European Comment: Canada twist to aerospace row

Boeing and Airbus are clearly relieved by Bombardier’s decision to scrap plans to build a new family of 110-130-seat aircraft. After all, the Canadian company would have directly challenged them in a key sector of their market.

But the shelving of the Bombardier jetliner could have wider implications by underscoring the need for Boeing and Airbus – and their respective governments – to settle their long-standing subsidies dispute. Time is fast running out: litigation procedures at the World Trade Organisation are due to begin in March.

Although one-third of the C$2bn-plus (US$1.75bn) cost of developing the new Canadian airliner would have come from government subsidies, Bombardier dropped its plans because commercial market conditions did not justify the launch.

Lawyers involved in the Boeing-Airbus dispute say this is important. Had Bombardier pressed ahead, it would have been yet another example of government aid putting aircraft on the market that simply do not belong there.

At the same time, it raises another longer-term issue. Unless the US and Europe can reach a negotiated settlement to establish new industry rules, they risk facing additional disruptive forces entering and distorting the market.

The large civil aircraft market may well have turned into a Boeing-Airbus preserve, but the Canadian experience shows that other countries also have sights on the market. Brazil, Russia and especially China all appear to be nurturing similar ambitions. And unlike the Canadians, their decisions may not be dictated purely by commercial considerations.

Bad connections

Pity Didier Lombard. The avuncular head of France Télécom is in a jam because his company, unlike his big European rivals, has already risen to the technological challenge of upgrading its network for new broadband telecoms services.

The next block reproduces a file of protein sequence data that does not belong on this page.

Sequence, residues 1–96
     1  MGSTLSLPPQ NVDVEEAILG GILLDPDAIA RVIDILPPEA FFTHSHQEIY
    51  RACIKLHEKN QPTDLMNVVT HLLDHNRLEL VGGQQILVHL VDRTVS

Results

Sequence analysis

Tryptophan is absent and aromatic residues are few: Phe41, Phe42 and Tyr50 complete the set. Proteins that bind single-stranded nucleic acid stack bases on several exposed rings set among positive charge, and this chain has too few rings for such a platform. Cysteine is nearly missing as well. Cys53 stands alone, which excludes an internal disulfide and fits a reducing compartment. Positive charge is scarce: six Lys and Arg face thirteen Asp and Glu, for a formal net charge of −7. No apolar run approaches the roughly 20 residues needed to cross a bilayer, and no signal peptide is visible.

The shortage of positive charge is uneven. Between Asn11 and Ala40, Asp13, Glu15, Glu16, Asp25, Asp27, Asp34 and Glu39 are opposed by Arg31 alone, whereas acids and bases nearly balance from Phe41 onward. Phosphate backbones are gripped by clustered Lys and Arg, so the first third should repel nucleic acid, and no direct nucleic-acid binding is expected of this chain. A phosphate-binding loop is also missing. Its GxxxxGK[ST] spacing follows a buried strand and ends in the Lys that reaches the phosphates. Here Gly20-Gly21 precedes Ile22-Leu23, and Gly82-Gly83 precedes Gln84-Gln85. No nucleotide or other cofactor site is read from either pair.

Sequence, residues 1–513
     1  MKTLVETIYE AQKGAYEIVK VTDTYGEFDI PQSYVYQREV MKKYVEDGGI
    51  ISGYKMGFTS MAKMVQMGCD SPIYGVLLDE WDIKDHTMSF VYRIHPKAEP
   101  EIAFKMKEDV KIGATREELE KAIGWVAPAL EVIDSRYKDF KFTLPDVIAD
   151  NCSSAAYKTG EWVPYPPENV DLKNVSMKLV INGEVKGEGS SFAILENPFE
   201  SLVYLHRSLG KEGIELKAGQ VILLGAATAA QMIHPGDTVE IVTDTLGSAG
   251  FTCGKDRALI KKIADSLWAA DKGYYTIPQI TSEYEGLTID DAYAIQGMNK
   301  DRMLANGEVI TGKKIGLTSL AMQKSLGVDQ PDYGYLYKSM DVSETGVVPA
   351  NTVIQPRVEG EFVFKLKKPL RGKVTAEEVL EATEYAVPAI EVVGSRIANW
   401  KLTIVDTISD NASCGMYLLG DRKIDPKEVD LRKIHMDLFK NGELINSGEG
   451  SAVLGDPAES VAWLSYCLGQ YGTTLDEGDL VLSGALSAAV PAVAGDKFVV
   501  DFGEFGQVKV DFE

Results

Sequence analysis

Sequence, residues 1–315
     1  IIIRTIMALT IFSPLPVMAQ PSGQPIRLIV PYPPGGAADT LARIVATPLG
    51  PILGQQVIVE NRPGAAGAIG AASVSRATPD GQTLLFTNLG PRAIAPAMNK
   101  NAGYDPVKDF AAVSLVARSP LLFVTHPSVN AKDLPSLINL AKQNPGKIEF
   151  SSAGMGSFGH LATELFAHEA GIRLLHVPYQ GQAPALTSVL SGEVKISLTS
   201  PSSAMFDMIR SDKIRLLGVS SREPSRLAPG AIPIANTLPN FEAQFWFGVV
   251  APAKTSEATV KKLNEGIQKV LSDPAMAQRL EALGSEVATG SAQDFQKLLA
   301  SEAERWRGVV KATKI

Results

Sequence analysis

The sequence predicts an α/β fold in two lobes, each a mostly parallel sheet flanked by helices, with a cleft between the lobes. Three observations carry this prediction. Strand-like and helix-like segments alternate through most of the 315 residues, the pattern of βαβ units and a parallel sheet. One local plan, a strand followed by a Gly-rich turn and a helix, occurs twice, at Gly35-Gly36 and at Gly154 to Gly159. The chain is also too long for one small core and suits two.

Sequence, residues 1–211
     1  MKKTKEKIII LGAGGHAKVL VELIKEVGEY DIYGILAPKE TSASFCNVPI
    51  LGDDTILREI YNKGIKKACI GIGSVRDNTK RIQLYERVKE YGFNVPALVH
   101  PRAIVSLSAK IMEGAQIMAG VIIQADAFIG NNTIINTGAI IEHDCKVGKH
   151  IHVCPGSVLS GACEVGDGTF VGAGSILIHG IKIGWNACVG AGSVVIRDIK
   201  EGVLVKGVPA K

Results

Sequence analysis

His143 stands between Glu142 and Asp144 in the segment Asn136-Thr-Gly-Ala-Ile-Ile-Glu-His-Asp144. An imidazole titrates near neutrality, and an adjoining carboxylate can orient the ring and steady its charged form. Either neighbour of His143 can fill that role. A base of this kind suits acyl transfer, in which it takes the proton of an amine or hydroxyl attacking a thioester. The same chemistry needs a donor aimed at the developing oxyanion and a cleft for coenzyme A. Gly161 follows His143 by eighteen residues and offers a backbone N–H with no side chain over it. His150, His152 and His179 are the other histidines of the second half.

So successful has France Télécom been that Mr Lombard is having to speed up his strategy of rolling out new services to offset falling revenues in his traditional telephone business.

The company was forecasting that new voice-over-internet services would account for 15 per cent of its residential market by the end of this year. It is now likely to be about 40 per cent.

Worse, competition is getting fiercer, and the French regulator seems in no mood to adopt the more benign UK or German regulatory approach to for- mer telecoms incumbents.

What can Mr Lombard do? Since it will inevitably take time to put into place new value-added services to replace dwindling voice income, the obvious move is to cut aggressively his company’s bloated workforce, just as Deutsche Telekom is doing and BT has done.

This is probably the last thing his largest shareholder, the government, with 32 per cent, wants to hear in the country’s increasingly heated pre-electoral climate.

Own goal

Paris has finally bowed to pressure from Brussels to allow French soccer clubs to raise money on the bourse.

High time, say leading clubs. For although France can claim some of the world’s best players, many clubs have found it difficult to keep stars from being lured by far richer European rivals offering extravagant transfer fees.

Clubs such as Lyon or Marseille have been clamouring for stock market listings to boost their finances in a sport increasingly governed by money.

The government resisted until now, claiming that clubs lacked transparency and their accounting standards were insufficient for a public listing.

But club owners argued they faced an increasing competitive disadvantage that risked becoming even bigger as revenues from television rights become squeezed by recent French pay-TV consolidation. TV rights currently account for half their revenues.

Yet the proposals risk turning into an own goal. For Paris says clubs will only be entitled to a full listing if they own their grounds. The problem is that most want to go to the market to raise funds to buy or build their own facilities.

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